79 terms

AP Enviro Sci Review

plants convert CO2 (atmospheric carbon) into complex carbohydrates (glucose C6H12O6).
Respiration (Aerobic)
oxygen consuming producers, consumers & decomposers break down complex organic compounds & convert organic carbon back into CO2.
Energy Flow through Food Webs
Only about 10% of usable energy is transferred from one trophic level to the next. Reason: usable energy lost as heat (2nd law of Thermodynamics), not all biomass is digested & absorbed, predators expend energy to catch prey.
the living components of an ecosystem
the nonliving components of an ecosystem.
Nitrogen Fixation
atmospheric nitrogen (N2), which cannot be used directly by plants, is first converted into ammonia by bacteria.
ammonia is converted to nitrate ions (NO3-)
inorganic nitrogen (nitrate) is converted into organic molecules such as DNA/amino acids & proteins.
decomposers covert organic waste into ammonia
bacteria convert ammonia into atmospheric nitrogen (N2).
does not exist at the Earth's surface as a gas; released into ecosystems through the weathering of phosphate rocks, it is a major limiting factor for plant growth. The phosphorus cycle is relatively slow, without an atmospheric step.
organisms that make their own food. Photosynthetic life (plants).
Trophic Levels in Food Chains
producers >>primary consumer >> secondary >> consumer >> tertiary consumer
symbiotic relationship where both organisms benefit
symbiotic relationship where one organism benefits & the other is unaffected
relationship in which one organism (the parasite) obtains nutrients at the expense of the host
Carrying Capacity
the number of individuals that can be sustained in an area
reproductive strategy in which organisms reproduce early, bear many small, unprotected offspring (ex. insects, mice)
reproductive strategy in which organisms reproduce late, bear few, cared for offspring (ex. humans, elephants)
Primary succession
development of communities in a lifeless area not recently inhabited by life (ex. lava flow, retreating glacier)
Secondary succession
life progresses where soil remains (ex. clear-cut/burned forest, old farm, vacant lot).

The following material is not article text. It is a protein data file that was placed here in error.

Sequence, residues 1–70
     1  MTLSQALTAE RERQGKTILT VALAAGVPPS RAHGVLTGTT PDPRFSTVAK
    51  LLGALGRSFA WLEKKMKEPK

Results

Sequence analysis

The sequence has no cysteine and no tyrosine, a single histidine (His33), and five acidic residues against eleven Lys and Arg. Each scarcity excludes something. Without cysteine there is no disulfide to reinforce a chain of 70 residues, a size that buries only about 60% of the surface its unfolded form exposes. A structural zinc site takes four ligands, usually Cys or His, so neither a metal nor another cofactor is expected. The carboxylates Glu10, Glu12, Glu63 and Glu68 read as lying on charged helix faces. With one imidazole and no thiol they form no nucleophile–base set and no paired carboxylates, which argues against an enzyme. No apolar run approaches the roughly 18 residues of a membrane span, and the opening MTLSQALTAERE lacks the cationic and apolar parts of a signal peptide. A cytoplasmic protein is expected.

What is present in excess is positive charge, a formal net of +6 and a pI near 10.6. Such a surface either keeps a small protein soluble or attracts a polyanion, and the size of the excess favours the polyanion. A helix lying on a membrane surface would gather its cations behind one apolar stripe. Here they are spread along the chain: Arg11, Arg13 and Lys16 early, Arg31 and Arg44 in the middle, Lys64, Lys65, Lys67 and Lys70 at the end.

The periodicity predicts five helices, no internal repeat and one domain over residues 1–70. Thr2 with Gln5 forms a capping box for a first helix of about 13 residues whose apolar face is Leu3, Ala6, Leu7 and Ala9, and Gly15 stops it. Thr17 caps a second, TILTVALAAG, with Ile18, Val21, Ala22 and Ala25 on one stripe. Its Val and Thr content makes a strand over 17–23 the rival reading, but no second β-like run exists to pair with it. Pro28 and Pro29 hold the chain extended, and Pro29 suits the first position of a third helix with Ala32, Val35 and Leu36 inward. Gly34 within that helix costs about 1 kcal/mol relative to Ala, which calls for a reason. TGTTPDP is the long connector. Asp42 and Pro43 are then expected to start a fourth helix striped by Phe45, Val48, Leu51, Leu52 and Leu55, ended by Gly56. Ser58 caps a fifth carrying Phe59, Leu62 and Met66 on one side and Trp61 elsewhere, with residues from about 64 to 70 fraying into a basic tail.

Natural Selection
organisms that possess favorable adaptations pass them onto the next generation
organic, dark material remaining after decomposition by microorganisms
perfect agricultural soil with equal portions of sand, silt, and clay
the removal of dissolved material from soil by water as it moves downward (percolates) through soil.
Soil Conservation
Methods include conservation tillage, crop rotation, contour plowing, terracing, windbreaks, no-till
Soil Salinization
in arid regions, water evaporates leaving salts behind. (ex. fertile crescent, southwestern US)
water completely saturates soil starves plant roots of oxygen, rots roots
all of the land that drains into a body of water
underground layers of porous rock allow water to move slowly.
El Nino Southern Oscillation, trade winds weaken & warm surface water moves toward South America. Diminished fisheries off South America, drought in western Pacific, increased precipitation in southwestern North America, fewer Atlantic hurricanes.
Saltwater Intrusion
near the coast, overpumping of groundwater causes saltwater to move into the aquifer
La Nina
A "normal" year, easterly trade winds and ocean currents pool warm water in the western Pacific, allowing upwelling of nutrient rich water off the West coast of South America.
Doubling Time (rule of 70)
doubling time is equal to 70 divided by the percent rate of growth. (ex. a population growing at 5% annually doubles in 70 ÷ 5 = 14 years)
Replacement Level Fertility
the number of children a couple must have to replace themselves (averages 2.1 in more developed nations, 2.7 in less developed nations)
World Population
7.3 Billion
US Population
330 Million
Demographic Transition Model: Preindustrial stage
birth & death rates high, population grows slowly, infant mortality high.
Demographic Transition Model: Transitional stage
death rate (infant mortality) lower, birth rates remain high, better health care, population grows fast.
Demographic Transition Model:: Industrial stage
decline in birth rate, population growth slows.
Demographic Transition Model: Postindustrial stage
low birth & death rates.
Rapid Population Growth Age Structure
Slow Growth Population Age Structure
Negative Growth Population Age Structure
Most Populous Nation
2nd Most Populous Nation
3rd Most Populous Nation
Seawater on Earth
Freshwater on Earth